Suntrodden III – a Mood-Pop Experience
Suntrodden III, the latest EP from Atlanta, Georgia based musician and songwriter Erik Stephansson, is a delightful experimental journey through mood and sensation using the vehicle of lo-fi recording and minimalistic composition. The collection opens with “There’s a Place,” which is a melodic and optimistic song, with a bit of a somber edge, reminiscent of some early R.E.M. tracks crossed with deep cuts from the latter years of the Monkees. The layering of instrumental movement and lyrical musing mesh beautifully to create a song that captures the very essence of a bittersweet attempt to exist encompassed with another person. It’s a truly beautiful tune that is inspiring while still being a bit sad.
The next track in this collection, “Pure,” is musically reminiscent of Radiohead’s commercially successful, critically acclaimed, and some might argue, cornerstone hit, “Creep.” However, Stephansson takes a very similar series of notes and arrangement and drains it of all bile-self-loathing, and pain, instead infusing it with an infectious joy, which is guaranteed to bring a smile to any listener’s face. Where, “Creep,” is a declaration of degradation, “Pure,” seeks a brighter answer to similar existential doubt and fear. This is possibly the most radio-friendly tune in the entire collection, but still manages to communicate some interesting ideas above and beyond the basic pop formulae, despite its eminently familiar feel.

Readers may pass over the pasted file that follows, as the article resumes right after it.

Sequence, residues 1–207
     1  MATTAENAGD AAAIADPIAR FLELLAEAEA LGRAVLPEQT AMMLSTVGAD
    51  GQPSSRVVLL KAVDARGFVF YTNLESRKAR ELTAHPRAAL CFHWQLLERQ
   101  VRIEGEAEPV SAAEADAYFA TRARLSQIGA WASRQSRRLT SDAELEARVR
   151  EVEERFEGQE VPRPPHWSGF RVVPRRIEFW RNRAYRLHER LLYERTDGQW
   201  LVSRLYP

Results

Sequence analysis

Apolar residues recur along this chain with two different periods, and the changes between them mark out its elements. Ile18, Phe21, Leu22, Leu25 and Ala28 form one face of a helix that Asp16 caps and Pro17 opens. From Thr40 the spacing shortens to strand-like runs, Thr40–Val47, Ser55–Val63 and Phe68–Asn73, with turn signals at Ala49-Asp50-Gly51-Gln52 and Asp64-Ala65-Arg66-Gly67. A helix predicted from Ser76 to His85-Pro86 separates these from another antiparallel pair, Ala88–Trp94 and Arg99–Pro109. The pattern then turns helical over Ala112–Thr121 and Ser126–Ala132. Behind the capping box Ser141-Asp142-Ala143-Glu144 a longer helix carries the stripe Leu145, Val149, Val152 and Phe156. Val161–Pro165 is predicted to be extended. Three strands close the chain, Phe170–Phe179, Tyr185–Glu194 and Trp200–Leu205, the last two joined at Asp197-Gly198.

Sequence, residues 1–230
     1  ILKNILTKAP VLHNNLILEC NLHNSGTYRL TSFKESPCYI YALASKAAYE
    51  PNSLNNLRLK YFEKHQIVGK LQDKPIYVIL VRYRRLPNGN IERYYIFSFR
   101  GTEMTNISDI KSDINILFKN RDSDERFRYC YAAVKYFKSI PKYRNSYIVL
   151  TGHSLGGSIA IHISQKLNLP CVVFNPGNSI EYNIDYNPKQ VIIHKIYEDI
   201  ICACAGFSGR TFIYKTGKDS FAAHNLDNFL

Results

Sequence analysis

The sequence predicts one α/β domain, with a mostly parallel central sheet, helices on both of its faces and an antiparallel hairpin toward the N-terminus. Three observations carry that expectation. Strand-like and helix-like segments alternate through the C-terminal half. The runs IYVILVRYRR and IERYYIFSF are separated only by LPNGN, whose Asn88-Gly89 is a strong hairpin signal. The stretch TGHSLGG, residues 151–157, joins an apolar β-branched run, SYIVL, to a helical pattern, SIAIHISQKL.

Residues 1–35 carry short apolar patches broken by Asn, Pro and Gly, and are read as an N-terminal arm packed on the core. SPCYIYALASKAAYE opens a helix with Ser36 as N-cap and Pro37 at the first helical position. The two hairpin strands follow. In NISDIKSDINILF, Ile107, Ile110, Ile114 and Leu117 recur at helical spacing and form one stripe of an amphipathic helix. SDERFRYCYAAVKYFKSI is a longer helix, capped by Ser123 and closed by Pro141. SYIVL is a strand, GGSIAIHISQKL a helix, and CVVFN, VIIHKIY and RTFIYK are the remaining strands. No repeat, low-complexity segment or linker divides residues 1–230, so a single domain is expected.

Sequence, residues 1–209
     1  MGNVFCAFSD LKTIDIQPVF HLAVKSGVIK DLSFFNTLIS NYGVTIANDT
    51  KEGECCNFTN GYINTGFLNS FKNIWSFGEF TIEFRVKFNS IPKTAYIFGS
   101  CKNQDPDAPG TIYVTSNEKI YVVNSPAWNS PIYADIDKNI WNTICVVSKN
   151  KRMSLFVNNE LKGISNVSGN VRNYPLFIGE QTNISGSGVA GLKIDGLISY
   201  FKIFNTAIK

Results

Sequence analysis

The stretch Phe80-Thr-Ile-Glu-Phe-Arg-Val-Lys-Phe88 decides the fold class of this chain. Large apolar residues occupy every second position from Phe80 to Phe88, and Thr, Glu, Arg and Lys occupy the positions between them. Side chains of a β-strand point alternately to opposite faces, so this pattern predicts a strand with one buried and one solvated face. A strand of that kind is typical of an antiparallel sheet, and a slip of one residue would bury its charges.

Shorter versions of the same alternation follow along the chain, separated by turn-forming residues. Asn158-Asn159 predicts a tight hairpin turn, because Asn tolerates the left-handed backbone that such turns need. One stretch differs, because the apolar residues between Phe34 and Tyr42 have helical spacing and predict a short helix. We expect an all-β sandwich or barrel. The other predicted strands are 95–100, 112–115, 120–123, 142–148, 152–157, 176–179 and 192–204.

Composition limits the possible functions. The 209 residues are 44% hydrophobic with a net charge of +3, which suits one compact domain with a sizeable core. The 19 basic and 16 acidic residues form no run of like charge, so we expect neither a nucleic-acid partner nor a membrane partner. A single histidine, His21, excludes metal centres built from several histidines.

“Moonflower,” the next track in this collection, takes a more somber turn. Though retaining the smooth and relentlessly airy melodic nature of the earlier tracks, “Moonflower,” seems to be the first track in the collection that dwells in the darker end of the emotional spectrum. The opening half of the song dwells in the darkness, relying on a deep piano melody to drive the song forward through a murky and reflective place. The vocal quality of this song remains in a more upbeat, poppy sort of register, but lyrically the song owns its reflective nature, making for a beautiful juxtaposition of sound and meaning. After the breakdown, the song evolves into a repeated, anthemic declaration.
Track four, “Never Again,” brings the collection back to an upbeat place, and definitely owns a clear Beatles/Monkees trip-pop feel. Musically, it is easily the most complex track thus far, but retains a memorable melody that will stay with you and keep your head bobbing.
The final track, “The End (Haunt Me)” is an emotional and musical tour de force, revisiting the various instrumental, emotional, and lyrical destinations previously touched on in the album. Through the entirety of this track, Stephansson displays his unique prowess in acting as an emotional tour guide, bringing the listener on a brief, but enjoyable musical journey reminiscent of some of Lou Reed’s finest work.
All told, Suntrodden III is a deft display of songwriting prowess from Erik Stephansson. The use of lo-fi recording techniques, extant, real-world instrumentation, and a limited number of takes per performance show through in the final product as a raw, emotional piece of art. The effort was well worth it, and the care taken in the crafting of this EP is clear in the final result. I give Suntrodden III an enthusiastic 8 out of 10 stars, and highly recommend it!